What Smashwords has given me are the tools to uncover my real self, and proudly proclaim to the world: I am a writer and published author.
How do you approach cover design?
Designing the cover of my book is actually the most fun part of the publishing process. I experiment with different images and color schemes and fonts. Each time I designed a cover for one of my books, I learned something new, and applied it to the next one. I definitely believe in the iterative process - each time you work on something it improves a little bit.

I create several options for my covers, and ask my family and friends for their opinions, but I always make the final selection based on which cover I like the most. I will have to look at the cover hundreds of time while marketing the book; therefore, it is really important I love it and feel happy every time I look at it.
Published 2014-09-29.
Smashwords Interviews are created by the profiled author, publisher or reader.

Books by This Author

Anyone Can Get An A+ Companion Workbook: How To Beat Procrastination, Reduce Stress and Improve Your Grades
Series: The Smarter Student. Price: $3.99 USD. Words: 27,080. Language: English. Published: June 2, 2017. Categories: Nonfiction » Education & Study Guides » Study skills, Nonfiction » Education & Study Guides » Student life & student affairs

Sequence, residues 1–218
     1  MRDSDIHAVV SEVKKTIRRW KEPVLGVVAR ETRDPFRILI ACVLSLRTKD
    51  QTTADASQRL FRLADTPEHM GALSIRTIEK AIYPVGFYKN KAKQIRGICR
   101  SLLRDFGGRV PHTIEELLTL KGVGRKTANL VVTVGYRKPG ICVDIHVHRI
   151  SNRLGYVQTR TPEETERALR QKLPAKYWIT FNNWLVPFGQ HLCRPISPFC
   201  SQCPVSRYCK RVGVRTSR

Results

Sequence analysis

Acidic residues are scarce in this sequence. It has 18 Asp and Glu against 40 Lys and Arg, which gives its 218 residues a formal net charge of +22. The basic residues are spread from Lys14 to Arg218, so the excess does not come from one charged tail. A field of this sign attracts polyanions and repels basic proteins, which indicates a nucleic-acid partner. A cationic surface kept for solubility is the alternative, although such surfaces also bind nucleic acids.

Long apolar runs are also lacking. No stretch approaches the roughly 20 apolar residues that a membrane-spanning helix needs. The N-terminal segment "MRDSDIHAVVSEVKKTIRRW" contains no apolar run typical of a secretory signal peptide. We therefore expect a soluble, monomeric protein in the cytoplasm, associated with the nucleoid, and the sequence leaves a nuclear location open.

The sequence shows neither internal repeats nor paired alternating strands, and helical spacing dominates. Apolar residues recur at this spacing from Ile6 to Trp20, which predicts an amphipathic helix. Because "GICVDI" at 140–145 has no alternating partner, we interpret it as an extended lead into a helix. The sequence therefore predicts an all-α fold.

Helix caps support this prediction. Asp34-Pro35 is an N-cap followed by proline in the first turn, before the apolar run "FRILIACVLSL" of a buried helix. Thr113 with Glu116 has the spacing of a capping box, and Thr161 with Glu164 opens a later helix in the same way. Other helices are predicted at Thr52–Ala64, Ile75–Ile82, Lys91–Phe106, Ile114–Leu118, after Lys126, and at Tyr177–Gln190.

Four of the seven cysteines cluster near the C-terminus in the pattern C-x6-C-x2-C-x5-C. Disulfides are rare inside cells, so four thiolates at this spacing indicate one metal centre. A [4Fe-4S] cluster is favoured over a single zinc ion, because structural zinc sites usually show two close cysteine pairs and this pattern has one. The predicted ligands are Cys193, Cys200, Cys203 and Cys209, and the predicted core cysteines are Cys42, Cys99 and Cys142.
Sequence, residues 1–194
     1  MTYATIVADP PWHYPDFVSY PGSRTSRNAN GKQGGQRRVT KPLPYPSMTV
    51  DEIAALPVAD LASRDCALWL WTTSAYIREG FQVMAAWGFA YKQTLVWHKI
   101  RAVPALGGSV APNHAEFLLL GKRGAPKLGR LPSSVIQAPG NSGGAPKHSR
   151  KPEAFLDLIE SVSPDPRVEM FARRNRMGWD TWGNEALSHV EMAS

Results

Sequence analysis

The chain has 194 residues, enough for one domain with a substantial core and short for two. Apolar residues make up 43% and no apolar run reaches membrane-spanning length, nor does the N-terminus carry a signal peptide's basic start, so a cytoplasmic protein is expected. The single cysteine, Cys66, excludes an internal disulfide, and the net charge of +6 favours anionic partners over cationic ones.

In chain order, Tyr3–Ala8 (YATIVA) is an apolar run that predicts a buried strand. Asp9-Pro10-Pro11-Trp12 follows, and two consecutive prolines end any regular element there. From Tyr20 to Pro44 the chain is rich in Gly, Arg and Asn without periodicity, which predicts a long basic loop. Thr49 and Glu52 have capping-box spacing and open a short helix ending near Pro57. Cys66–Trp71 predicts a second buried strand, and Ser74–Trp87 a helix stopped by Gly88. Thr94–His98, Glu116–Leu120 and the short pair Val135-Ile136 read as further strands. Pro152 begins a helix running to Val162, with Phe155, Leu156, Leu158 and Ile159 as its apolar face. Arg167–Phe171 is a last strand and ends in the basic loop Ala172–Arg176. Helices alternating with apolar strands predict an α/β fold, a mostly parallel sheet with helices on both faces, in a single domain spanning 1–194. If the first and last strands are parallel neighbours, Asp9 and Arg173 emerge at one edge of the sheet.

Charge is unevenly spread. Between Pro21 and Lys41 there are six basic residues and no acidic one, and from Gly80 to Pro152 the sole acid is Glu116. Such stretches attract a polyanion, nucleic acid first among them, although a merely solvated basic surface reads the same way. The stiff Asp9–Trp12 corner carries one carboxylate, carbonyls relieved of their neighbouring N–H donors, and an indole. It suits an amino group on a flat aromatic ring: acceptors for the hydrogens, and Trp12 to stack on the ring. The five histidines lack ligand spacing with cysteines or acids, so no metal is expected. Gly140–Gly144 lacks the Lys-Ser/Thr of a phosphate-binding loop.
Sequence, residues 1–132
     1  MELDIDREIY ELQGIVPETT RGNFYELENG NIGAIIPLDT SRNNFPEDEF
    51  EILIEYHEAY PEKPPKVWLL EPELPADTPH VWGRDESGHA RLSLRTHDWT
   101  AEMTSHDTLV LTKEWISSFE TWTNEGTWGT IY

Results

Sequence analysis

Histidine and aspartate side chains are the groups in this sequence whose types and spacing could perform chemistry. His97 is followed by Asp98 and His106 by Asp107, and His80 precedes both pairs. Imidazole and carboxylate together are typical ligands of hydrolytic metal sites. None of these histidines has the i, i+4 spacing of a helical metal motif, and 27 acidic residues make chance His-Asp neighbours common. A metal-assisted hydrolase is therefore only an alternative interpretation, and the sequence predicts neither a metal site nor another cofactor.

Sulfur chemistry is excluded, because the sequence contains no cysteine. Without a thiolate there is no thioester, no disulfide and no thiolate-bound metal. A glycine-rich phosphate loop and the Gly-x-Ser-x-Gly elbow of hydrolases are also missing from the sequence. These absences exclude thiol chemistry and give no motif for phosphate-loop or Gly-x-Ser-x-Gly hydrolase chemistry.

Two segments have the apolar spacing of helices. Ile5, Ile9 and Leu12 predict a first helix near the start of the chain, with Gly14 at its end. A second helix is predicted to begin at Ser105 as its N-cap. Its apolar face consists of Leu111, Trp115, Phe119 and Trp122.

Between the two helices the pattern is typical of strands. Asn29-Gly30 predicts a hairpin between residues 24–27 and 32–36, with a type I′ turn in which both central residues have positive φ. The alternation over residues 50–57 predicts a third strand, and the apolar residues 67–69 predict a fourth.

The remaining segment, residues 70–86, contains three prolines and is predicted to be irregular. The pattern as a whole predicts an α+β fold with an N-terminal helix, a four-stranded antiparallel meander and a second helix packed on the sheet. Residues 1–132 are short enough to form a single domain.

This companion workbook to Anyone Can Get An A+ contains more than 130 exercises to help you implement and personalize the advice in the book. Use this workbook as a personalized study skills workshop to build better study habits and excel at school.
Anyone Can Get An A+: How To Beat Procrastination, Reduce Stress and Improve Your Grades
Series: The Smarter Student, Book 1. Price: $4.49 USD. Words: 61,090. Language: American English. Published: September 1, 2015. Categories: Nonfiction » Education & Study Guides » Study skills, Nonfiction » Children's Books » Study Aids / General
Do you wish you could get better grades? Do you struggle with some subjects and believe that maybe you're not cut out for them? Do you want to spend less time studying and still get good grades? Drawing on research from the fields of psychology and neuroscience, this book will help you to stop procrastinating, get more out of your study the time, and improve your grades significantly.